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Downhill in the hill state

The BJP which at one time appeared to be a clear winner in the HP Assembly polls seems to have pitched itself into a tough contest, writes Pankaj Vohra.

india Updated: Dec 03, 2007 17:51 IST
Between us | Pankaj Vohra

The BJP which, at one time, appeared to be a clear winner in the Himachal Pradesh assembly polls seems to have pitched itself into a tough contest largely because of its over- eagerness to project senior leader Prem Kumar Dhumal as the chief ministerial candidate, in preference over the other leader, Shanta Kumar. In fact, the party would have been better off had it waited for the results before announcing the name of its possible Chief Minister (CM).

<b1>The announcement has led to total disappointment in the Shanta Kumar camp as the former CM has decided not to contest the polls, preferring to wait for parliamentary elections next time. His supporters feel that Shanta Kumar’s marginalisation is likely to cost the BJP dearly because of two reasons. First, Shanta Kumar represents the Kangra region, which accounts for 16 seats, the largest in the assembly from one segment. Second, being a Brahmin, the move has sent strong signals to the Brahmin community which may or may not vote for the saffron brigade this time. Third, what could be dangerous both for the Congress and the BJP is that Kangra has been left clear for BSP head Vijay Singh Mankotia, a prominent Rajput leader and former Congress minister. Such an experiment will take place in the hill state for the first time. Himachal has witnessed fights only between the Congress and the BJP. Mankotia who, some say, has committed the folly of contesting from Dharmshala this time could hold the key, if he and his party men win anything up to nine or ten seats.

A tall order but possible if the experiment succeeds, because Dalits and backwards in Himachal Pradesh are economically and vocationally better-off than in the rest of the country. A Dalit-Backward and Rajput combination, coupled with disgruntled Brahmins, could make the BSP a formidable force.

The BJP was banking very heavily on doing well in Kangra in order to wrest the state from the Congress. But Dhumal, who completed a five-year term in office last time, will need all his abilities to inspire the cadres. He belongs to Hamirpur which has only five seats. Overall, the party seems better placed in Hamirpur, Bilaspur and Una in comparison to the Congress. Allegations of corruption against Dhumal the last time, especially by then Punjab CM, Amarinder Singh, seem to have been forgotten, given that the track record of the current Congress government has not been very flattering either.

Dhumal’s supporters feel that Shanta Kumar is both over-rated and irrelevant to Himachal politics. He has twice lost his own assembly seat and the parliamentary polls twice as well. His own assembly seat is represented by a Congressman and it is unlikely that the BJP will win from there even this time. Shanta Kumar has won only whenever there is a wave of support, never when he has had to swim against the tide. A Punjabi, who has lived in Himachal for years, he did show some signs of having a vision during his first tenure but was clearly ahead of his times.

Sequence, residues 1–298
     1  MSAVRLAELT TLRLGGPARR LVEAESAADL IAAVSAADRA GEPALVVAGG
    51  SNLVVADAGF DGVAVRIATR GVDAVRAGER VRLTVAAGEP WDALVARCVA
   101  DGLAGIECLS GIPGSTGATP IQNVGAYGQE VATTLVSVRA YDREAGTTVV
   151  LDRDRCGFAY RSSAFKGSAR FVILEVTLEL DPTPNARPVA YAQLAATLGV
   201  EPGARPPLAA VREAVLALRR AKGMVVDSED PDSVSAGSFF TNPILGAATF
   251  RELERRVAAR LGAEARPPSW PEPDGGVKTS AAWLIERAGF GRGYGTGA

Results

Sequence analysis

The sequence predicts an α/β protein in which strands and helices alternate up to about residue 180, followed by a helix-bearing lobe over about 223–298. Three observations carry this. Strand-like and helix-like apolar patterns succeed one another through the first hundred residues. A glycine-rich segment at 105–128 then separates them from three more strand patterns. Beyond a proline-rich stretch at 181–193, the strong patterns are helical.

The Congress has its own cup of woes. CM Virbhadra, perhaps, believes that even if the Congress returns to power, his chances of occupying the august office are bleak. Detractors say that he has never been able to hold on to power towards the end of his five stints as CM. The BJP has always followed him. Another charge against him is that he has never allowed any younger leader to be groomed in the state because of which there is no one who can take over from him. Senior leader Vidya Stokes is not getting any younger but, like Virbhadra, may win comfortably from Kumarsain.

The Congress expects to do well in the Shimla district and in Mandi where even the state BJP chief could lose the polls. Mandi, once the stronghold of former Union Minister Sukhram, has 10 seats, which could help in shifting the levers of power. Sukhram’s son is contesting and is likely to get elected without any difficulty. Tek Chand Dogra, Prakash Choudhury and Shiv Lal are others who seem to be comfortably placed in the Mandi district. Shimla district has nine seats and barring one — Jubbal Kotkhai where the BJP appears to be strong — the Congress should win most of the others. The Shimla town seat could go either way in the contest between the Congress, the BJP and the CPI(M).

In the distribution of tickets, the Congress has bungled. The Solan ticket has gone to Dr Parashar, a nominee of Union Minister Anand Sharma, at the expense of Captain Mohini, the face of the party there. In Chamba, state minister and former Youth Congress president Harsh Mahajan has opted out of the contest for personal reasons. In many other places, the Congress has not been able to replace its MLAs against whom there was a strong anti-incumbency factor. Himachal’s best-known freedom fighter late Wazirram Singh’s grandson, Kewal Singh Bhudania, is contesting as an independent from Noorpur in Kangra and is expected to win. Karan Singh, an independent in Banjar in Kullu may pull off a win as an independent from Chintpurni in Una. Also from Una, Delhi favourite Mukesh Agnihotri is fighting the battle of his life against BSP and BJP candidates.

Himachal could surprise everybody with the results. The last time when the BJP won on the Hindutva plank in Gujarat, Himachal, a predominantly Hindu state, threw the party out proving that the Hindutva experiment could only work where there is polarisation between Muslims and Hindus. This time, anti-incumbency could play a role. The contest could spring a few surprises in case the BSP plays spoiler for the two biggies. But as things stand today, the BJP continues to hold a slight edge. Between us.